Dean: The interesting thing about that work is that a neural network that had been trained on a bunch of retinal images could learn to predict biological sex from the retinal image alone. And it could also predict other things relevant to cardiovascular risk that ophthalmologists and even trained retinal specialists couldn't necessarily pick up on. That tells me that lurking in health information are subtle signs that, with the right framing of the problem and machine learning, might allow us to pick up things that are complementary to what human clinicians already pick up on. The combination of these computing systems plus trained professionals will result in better outcomes than either can achieve alone.

Topol: It's really extraordinary to see what has already been built out, not just for the potential of tracking diabetes, but glucose regulation, blood pressure regulation, hepatobiliary disease, and the calcium score of the coronary arteries, and even Alzheimer's disease, potentially using the retina as a window to neurodegenerative diseases. The list keeps getting longer.

Google has done a lot of work on diabetic retinopathy, for which half of all those with diabetes are never screened. You've worked with India's Aravind Eye Hospital. Where does that work stand? Is that the future of screening for diabetic retinopathy?

Dean: Diabetic retinopathy is one of the earliest problems in medical imaging diagnostics that we started looking at, because there's a huge need for additional screening capacity around the world. In many parts of the world, there just aren't enough clinicians, who need a fair amount of special training to assess a retinal image for signs of diabetic retinopathy on a five-point scale. If you catch it in time, you can prevent blindness or partial loss of vision. It's actually very treatable, so the ability to screen more people will actually prevent blindness.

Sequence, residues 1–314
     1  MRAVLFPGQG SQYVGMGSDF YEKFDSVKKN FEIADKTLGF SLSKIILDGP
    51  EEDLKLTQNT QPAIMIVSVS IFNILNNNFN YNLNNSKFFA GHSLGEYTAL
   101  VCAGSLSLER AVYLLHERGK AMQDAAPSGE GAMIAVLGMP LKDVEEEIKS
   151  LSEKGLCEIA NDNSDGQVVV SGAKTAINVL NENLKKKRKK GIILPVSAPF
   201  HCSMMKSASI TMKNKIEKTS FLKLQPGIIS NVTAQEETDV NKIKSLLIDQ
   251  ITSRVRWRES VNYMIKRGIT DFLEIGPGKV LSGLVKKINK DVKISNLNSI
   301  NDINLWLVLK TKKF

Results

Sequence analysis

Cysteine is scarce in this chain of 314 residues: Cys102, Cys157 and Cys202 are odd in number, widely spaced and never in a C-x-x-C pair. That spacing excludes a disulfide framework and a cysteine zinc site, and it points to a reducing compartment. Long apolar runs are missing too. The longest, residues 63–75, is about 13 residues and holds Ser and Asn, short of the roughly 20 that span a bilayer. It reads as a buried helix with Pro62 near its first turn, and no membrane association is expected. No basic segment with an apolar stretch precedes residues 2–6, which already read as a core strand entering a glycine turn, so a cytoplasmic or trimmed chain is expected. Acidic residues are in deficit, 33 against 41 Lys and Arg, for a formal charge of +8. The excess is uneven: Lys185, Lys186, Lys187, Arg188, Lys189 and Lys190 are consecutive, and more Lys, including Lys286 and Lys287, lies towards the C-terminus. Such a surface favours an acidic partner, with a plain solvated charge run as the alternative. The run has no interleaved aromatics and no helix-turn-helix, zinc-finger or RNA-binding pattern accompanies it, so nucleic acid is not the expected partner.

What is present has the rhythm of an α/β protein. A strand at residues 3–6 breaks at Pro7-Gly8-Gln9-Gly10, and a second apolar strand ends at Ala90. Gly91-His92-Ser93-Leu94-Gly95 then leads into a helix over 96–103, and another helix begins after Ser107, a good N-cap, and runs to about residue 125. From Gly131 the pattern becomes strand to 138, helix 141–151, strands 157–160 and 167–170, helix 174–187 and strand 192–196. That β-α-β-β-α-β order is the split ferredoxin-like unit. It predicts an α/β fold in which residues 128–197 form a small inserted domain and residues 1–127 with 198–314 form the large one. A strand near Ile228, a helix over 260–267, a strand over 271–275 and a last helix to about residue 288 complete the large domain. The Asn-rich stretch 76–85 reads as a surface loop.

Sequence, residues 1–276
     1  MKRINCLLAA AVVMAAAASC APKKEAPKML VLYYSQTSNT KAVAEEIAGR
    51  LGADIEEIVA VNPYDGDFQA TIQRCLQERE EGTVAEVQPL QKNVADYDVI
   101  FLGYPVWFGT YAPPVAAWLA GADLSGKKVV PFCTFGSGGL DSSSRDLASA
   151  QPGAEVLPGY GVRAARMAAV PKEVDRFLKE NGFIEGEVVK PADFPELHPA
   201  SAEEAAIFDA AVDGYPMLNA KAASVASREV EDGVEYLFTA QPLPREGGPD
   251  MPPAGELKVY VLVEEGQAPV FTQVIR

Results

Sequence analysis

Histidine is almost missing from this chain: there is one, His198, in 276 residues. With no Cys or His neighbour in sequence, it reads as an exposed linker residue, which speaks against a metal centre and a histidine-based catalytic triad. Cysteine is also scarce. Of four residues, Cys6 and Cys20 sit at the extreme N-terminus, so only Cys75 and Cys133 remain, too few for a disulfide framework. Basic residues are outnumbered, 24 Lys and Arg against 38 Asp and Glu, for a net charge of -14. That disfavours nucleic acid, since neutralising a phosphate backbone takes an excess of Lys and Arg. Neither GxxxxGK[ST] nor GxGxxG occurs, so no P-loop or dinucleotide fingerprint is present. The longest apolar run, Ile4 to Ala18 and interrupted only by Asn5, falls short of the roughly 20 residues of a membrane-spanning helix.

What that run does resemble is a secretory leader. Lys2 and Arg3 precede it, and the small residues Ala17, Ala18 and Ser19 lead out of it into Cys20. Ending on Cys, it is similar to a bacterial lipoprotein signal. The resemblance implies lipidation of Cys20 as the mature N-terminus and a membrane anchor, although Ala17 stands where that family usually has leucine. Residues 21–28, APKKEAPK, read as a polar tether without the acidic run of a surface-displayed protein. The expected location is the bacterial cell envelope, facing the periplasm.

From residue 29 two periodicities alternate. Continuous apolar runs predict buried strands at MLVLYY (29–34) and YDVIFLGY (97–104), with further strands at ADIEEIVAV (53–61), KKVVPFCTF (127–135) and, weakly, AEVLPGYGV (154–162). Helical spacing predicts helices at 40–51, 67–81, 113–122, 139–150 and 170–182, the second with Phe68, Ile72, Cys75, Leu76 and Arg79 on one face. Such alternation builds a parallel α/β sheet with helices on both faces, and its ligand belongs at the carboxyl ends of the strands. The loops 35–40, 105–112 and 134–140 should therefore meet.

We've followed a fairly detailed progression from early research projects to this possibility — whether we can actually train a machine learning model to assess whether a retinal image shows diabetic retinopathy. The earliest study we did showed that it was on par or perhaps slightly better than board-certified ophthalmologists in the United States. With some additional refinement of how we labeled the training data and how we trained the model, we're able to get it to be on par with retinal specialists who have additional training in this, which is the gold standard of care in this area. And then we've been working with our partners in a number of places, including India, Thailand, Germany, and France, to deploy this in real clinical settings and do screening. We've just reached a milestone of 50,000 patients screened with this approach, and the numbers are continuing to go up. It's nice to see things that are not just research papers but are also actually deployed in the world.